139 results found
Adlan Q, Kaczmarek SE, John CM, 2023, Clumped Isotope Reordering and Kinetic Differences in Co-Hosted Calcite and Dolomite Minerals throughout Burial Diagenesis and Exhumation, Minerals, Vol: 13, Pages: 1466-1466
<jats:p>The clumped isotope paleo-thermometer has become a valuable proxy for the burial history reconstruction of carbonate formations. To maximise the accuracy of these reconstructions, post-depositional alterations, such as recrystallisation and Δ47 isotope exchange reactions, must be understood. In this study, we examine the isotopic behaviour of calcites and early dolomite samples from the same stratigraphic intervals, and thus with similar burial history. This approach provides additional constraints on the kinetics of Δ47 reordering in dolomite during exhumation. Clumped isotope measurements were performed on 19 calcites and 15 early dolomites from the Permian, Jurassic, and Cretaceous periods from four locations in Oman spanning different burial regimes. The calcite and dolomite samples were collected from the rock matrix, based on the assumption that fine material was more susceptible to recrystallisation. Our results show that calcites and dolomites record different Δ47 values despite being subjected to the same thermal history. The maximum Δ47 temperature recorded in dolomites (181 ± 13 °C) corresponds to the oldest and most deeply buried Permian rock. This value is approximately 35 °C higher than those measured in the co-located and coeval calcite matrix (145 ± 14 °C). This discrepancy suggests that calcite and dolomite have different kinetic parameters. Our data confirm (1) that dolomite Δ47 values are more resistant to alteration during burial and exhumation than Δ47 calcite values, and (2) that dolomite has a higher Δ47 closing temperature than calcite during cooling. The presence of two mineral phases with distinct kinetic parameters in the same stratigraphic unit provides additional constraints on models of burial and uplift. In addition, mineralogical data coupled with Δ47 and burial depths suggest that the progressive development of dolomite cation ordering is driven b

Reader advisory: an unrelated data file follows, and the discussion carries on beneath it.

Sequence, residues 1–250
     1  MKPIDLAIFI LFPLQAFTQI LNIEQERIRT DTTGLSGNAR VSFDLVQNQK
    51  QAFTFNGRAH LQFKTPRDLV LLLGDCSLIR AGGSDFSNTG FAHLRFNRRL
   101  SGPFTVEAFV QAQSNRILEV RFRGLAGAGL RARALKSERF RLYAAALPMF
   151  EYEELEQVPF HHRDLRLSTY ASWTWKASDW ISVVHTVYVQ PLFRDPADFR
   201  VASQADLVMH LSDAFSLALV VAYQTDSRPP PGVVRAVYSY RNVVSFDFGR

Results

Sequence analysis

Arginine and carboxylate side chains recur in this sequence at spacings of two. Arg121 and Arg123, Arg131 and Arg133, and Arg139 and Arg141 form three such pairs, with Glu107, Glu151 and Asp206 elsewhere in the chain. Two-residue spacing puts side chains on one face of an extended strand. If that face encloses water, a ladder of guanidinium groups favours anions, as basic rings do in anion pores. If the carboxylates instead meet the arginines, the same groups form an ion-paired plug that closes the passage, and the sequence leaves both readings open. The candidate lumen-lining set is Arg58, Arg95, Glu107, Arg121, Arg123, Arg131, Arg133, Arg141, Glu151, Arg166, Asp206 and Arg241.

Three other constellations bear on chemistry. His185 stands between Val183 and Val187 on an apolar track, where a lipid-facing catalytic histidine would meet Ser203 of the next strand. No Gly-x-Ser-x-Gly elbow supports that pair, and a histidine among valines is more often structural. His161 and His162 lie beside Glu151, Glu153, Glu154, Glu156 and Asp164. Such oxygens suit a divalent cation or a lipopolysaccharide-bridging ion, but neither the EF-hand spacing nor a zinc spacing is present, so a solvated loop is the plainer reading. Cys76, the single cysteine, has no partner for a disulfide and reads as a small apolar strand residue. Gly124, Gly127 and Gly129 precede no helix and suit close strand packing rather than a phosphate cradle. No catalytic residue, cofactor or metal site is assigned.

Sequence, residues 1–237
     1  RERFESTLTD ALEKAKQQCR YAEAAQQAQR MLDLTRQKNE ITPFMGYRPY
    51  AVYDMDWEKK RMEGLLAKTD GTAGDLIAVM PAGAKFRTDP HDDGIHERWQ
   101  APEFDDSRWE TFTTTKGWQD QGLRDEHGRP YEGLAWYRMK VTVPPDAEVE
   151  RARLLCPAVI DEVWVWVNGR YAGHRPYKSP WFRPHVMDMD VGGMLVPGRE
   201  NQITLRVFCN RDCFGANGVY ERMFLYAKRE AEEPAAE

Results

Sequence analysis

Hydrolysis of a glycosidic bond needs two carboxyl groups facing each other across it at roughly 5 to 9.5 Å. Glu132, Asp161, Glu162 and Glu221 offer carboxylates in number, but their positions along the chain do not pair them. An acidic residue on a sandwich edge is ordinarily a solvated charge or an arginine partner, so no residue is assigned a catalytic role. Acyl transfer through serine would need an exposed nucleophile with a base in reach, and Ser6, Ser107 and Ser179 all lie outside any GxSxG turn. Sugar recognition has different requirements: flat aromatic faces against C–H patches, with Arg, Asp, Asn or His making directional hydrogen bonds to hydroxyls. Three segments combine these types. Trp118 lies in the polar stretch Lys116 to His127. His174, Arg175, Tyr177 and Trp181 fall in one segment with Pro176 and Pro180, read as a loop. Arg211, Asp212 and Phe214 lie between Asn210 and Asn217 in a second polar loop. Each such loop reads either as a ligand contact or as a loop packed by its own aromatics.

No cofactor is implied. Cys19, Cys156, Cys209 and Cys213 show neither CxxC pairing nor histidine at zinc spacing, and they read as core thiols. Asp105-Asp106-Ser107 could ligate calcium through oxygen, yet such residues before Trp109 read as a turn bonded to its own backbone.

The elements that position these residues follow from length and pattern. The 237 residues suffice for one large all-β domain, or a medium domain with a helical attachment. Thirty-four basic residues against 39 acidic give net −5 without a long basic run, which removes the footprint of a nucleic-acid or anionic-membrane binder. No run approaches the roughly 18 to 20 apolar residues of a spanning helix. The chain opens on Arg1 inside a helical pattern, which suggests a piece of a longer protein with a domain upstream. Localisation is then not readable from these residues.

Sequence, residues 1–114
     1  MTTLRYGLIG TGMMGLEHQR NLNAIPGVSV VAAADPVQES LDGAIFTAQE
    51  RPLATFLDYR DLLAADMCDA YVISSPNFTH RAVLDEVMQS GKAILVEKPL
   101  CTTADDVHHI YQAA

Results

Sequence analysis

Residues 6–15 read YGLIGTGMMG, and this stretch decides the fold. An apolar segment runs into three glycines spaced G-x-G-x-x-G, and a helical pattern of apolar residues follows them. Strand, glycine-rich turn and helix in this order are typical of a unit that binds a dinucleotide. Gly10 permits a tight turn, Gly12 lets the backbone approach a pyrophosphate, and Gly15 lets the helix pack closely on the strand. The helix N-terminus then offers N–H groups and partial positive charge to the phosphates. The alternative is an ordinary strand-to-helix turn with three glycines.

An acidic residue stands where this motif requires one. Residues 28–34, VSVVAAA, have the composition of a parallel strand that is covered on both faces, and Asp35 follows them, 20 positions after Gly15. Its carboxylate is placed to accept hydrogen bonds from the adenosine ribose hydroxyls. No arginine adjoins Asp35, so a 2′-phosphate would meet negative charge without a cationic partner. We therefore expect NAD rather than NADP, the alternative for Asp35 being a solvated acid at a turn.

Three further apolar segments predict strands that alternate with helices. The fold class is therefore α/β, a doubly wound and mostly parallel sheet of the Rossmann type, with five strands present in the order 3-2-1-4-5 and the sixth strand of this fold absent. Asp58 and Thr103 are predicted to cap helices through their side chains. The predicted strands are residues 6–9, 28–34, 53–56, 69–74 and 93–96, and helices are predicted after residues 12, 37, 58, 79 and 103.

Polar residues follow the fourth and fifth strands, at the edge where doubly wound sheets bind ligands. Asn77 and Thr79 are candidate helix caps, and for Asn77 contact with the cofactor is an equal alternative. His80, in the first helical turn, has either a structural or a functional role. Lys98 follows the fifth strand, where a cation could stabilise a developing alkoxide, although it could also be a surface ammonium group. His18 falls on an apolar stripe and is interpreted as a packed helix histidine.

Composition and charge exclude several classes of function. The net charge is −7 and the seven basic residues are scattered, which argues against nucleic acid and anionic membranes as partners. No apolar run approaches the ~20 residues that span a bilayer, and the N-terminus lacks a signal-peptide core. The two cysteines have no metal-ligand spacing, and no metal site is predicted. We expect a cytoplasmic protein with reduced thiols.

Herlambang A, John CM, 2023, Fluid flow evolution revealed by carbonate clumped isotope thermometry along the fractures in a complex salt dome setting: Study case (Jebel Madar, Oman), MARINE AND PETROLEUM GEOLOGY, Vol: 152, ISSN: 0264-8172
Herlambang A, John CM, Drake H, 2023, Physicochemical Conditions of the Devonian-Jurassic Continental Deep Biosphere Tracked by Carbonate Clumped Isotope Temperatures of Granite-Hosted Carbonate Veins, GEOFLUIDS, Vol: 2023, ISSN: 1468-8115
Nathwani CL, Wilkinson JJ, Brownscombe W, et al., 2023, Mineral texture classification using deep convolutional neural networks: An application to zircons from porphyry copper deposits, Journal of Geophysical Research: Solid Earth, Vol: 128, Pages: 1-19, ISSN: 2169-9313